Verdict: STAYS

Dave: It’s hard to believe this is the same player who was once labeled a bust and completely written off by fans. Graham ended up having the best season of his career in Jim Schwartz’s defense and looked much more at home as a 4-3 defensive end. No, his sack numbers weren’t very high this year, but sacks don’t tell the whole story and that was the case with Graham. He was extremely disruptive and was the Eagles’ best defensive end. No-brainer. 

Verdict: STAYS

Dwayne Gratz

Roob: Back in 2013, Gratz was a third-round pick and a pretty good cornerback prospect for the Jaguars. He started 25 games over three years for the Jags before bouncing from the Jags to the Rams and Eagles last year. Considering the Eagles’ situation at corner, the Eagles have to give him a long look this offseason to see if there’s anything there. He didn’t get into a game after joining the Eagles late last year, but without even seeing him play, I’m prepared to call him the Eagles’ best cornerback. (That's kind of a joke, but not really.) The Eagles have so many needs and need so many receivers, corners and running backs that they can’t get them all through the draft and free agency. So I’m going off a hunch and saying Gratz makes the team next year. Just because somebody has to play cornerback and it can’t be the guys who were here last year.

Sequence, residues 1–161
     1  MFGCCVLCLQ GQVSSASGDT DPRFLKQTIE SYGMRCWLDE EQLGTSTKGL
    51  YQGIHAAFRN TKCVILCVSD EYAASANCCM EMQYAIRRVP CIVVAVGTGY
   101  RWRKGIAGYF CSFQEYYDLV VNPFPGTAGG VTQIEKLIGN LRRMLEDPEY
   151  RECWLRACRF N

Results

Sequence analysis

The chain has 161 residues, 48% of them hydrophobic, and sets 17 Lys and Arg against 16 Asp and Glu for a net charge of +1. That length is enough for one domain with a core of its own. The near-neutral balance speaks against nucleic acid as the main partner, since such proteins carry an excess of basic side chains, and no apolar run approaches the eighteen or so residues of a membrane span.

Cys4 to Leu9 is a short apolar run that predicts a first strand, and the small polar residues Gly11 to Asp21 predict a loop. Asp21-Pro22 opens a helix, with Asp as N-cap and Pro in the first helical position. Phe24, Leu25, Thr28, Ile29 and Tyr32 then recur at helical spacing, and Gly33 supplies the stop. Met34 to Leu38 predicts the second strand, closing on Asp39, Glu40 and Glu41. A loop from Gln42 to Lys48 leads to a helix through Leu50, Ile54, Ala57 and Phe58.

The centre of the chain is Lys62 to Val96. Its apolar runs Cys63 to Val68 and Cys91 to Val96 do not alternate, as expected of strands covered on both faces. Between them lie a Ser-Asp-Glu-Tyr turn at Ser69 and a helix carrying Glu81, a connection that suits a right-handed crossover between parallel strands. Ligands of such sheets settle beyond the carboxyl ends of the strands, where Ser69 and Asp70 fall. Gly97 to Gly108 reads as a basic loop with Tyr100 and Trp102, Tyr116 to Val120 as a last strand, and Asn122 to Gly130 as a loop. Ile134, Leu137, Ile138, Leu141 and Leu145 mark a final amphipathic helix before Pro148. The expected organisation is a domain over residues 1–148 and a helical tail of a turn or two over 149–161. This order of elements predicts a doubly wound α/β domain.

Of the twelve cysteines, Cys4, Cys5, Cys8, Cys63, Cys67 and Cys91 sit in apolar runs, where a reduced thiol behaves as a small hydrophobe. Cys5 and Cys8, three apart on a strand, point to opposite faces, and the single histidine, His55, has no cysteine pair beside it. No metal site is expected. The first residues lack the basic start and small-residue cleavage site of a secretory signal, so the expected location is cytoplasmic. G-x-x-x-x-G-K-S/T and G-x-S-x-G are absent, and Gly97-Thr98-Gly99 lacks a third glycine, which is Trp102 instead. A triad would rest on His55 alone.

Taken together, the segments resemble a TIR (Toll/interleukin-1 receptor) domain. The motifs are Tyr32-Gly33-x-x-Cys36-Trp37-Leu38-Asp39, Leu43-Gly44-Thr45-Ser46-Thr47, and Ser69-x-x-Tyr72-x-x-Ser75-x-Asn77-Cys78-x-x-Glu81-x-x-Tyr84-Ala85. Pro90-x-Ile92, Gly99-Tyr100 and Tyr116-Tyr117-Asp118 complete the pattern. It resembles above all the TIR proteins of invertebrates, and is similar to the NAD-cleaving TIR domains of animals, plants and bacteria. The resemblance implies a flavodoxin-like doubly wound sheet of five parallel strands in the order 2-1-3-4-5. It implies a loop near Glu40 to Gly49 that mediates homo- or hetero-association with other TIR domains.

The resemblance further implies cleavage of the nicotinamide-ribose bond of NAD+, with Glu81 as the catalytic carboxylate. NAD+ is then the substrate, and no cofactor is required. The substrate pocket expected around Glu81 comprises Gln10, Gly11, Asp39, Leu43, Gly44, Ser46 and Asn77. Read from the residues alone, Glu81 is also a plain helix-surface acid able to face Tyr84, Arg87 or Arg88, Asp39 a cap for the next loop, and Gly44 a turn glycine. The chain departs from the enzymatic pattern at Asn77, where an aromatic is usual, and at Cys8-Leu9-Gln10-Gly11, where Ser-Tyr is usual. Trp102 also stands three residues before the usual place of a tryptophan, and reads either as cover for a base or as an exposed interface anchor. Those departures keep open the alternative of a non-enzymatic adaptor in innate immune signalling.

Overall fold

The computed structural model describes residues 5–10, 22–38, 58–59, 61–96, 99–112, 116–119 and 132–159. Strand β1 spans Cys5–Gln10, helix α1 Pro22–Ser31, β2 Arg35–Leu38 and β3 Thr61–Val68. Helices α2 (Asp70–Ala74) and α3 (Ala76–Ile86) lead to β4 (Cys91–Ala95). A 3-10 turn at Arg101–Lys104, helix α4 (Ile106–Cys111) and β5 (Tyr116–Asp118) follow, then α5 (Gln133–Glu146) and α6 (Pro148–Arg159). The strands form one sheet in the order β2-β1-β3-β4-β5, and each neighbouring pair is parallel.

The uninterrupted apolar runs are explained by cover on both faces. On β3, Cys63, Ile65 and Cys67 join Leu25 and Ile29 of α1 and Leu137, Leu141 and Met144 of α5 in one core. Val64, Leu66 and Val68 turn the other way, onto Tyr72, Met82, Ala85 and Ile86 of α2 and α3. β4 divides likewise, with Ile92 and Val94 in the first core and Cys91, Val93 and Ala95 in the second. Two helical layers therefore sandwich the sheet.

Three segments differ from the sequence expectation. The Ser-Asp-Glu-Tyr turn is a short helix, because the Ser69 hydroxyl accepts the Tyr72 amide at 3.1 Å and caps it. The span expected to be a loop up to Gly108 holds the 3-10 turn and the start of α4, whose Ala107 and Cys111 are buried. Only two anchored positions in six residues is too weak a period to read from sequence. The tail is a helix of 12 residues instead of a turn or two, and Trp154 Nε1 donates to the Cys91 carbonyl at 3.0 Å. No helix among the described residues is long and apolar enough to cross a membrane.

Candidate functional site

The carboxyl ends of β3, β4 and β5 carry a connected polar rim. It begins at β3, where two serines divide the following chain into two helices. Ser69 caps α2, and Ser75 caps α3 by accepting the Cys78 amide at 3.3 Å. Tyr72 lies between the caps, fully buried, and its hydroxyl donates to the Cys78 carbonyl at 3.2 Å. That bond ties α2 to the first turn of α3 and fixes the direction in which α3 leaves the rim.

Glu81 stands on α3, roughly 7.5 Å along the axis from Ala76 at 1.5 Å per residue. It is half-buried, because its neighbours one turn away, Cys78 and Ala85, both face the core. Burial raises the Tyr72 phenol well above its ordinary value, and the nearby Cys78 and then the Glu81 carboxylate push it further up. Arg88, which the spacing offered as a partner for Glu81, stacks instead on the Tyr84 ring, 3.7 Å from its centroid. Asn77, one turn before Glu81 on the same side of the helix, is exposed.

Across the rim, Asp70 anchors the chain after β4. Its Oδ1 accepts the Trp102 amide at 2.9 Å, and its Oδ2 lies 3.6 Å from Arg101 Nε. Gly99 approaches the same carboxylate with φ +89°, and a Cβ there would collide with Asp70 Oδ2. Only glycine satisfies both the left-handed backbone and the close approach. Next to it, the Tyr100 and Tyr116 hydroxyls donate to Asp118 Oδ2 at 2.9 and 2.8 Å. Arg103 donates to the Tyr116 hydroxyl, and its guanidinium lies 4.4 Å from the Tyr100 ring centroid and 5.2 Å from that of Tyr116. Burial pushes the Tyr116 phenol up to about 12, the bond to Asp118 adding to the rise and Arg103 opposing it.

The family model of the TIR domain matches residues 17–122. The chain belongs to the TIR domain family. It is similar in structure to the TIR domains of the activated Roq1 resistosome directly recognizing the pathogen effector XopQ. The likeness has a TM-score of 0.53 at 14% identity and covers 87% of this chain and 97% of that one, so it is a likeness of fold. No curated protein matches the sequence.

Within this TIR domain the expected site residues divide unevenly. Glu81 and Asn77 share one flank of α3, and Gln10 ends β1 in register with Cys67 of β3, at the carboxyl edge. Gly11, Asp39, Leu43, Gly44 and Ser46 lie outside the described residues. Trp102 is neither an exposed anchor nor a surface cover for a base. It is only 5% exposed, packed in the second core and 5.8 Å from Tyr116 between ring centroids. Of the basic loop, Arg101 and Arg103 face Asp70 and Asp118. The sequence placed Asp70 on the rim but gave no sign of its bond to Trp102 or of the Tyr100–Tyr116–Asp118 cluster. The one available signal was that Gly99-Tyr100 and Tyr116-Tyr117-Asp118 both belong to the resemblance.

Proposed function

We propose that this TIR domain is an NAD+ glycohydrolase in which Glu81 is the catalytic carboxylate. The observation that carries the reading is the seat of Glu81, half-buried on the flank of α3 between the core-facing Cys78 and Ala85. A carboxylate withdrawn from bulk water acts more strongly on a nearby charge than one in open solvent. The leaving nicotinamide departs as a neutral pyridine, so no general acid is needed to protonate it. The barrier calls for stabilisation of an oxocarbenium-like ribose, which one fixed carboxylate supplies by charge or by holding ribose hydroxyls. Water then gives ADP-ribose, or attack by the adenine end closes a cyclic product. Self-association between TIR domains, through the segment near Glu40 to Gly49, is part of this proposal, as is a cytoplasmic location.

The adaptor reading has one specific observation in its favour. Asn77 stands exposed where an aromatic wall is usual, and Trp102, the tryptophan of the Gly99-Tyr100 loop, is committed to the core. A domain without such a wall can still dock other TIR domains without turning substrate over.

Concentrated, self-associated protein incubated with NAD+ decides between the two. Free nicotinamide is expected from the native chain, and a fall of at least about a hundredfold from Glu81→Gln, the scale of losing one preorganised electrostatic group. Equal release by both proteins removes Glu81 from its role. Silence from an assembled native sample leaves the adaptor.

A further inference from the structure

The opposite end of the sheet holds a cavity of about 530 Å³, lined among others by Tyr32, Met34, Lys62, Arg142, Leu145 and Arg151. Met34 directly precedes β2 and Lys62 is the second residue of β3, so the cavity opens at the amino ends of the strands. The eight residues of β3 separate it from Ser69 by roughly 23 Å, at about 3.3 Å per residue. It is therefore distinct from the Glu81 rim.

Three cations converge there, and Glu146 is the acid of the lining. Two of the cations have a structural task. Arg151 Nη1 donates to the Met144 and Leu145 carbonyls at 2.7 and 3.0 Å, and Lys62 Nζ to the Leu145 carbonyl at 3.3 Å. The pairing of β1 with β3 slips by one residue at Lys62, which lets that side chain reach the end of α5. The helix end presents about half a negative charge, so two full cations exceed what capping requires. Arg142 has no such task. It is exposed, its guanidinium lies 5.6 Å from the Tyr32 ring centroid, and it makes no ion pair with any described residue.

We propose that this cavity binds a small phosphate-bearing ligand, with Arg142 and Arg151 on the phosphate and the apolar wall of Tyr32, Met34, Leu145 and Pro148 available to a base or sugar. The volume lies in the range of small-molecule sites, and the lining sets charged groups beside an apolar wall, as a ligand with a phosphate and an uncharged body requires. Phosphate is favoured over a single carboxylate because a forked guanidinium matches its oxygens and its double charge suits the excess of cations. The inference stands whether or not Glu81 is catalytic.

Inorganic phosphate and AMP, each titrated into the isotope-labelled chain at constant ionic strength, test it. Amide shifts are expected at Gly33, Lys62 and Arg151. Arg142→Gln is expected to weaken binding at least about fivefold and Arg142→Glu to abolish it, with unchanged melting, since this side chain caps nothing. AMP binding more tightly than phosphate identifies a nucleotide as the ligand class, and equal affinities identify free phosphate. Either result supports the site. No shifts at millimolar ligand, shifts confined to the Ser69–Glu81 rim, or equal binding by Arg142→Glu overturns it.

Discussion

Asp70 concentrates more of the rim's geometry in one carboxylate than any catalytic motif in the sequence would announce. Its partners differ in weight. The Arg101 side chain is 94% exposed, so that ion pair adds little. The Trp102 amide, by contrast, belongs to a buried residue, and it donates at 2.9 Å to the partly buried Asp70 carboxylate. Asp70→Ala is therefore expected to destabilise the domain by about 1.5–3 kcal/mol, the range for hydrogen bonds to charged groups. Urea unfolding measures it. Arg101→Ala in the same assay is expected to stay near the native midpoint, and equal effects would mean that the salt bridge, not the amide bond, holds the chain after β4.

Verdict: STAYS

Dave: Gratz was added late in the year and never played. But he’s a former third-round pick and we’ll have to see what he can offer. He’ll likely be with the team in training camp and will have a shot, but probably not a great one. Honestly, it’s probably too early to call this one. 

Verdict: GOES

Dorial Green-Beckham
Cap hit: $944K

Roob: One of the Eagles’ bigger disappointments this past year, DGB took a big step backwards after a promising rookie year with the Titans. Now, the question is, how much was because he arrived late in the preseason, how much was because the since-departed Greg Lewis was his position coach, how much was his lack of familiarity with Carson Wentz? The Eagles are desperate for playmakers at wide receiver, and you can’t draft or sign an entirely new group. Considering DGB’s salary and cap figure — both are just $944,418 — I figure the Eagles will keep him around one more year just to see if there’s anything there. Maybe with a new coach and another year in this offense, he can help. I kind of doubt he'll ever become more than just a guy, but there's no reason for the Eagles not to keep him around another year to find out. 

Verdict: STAYS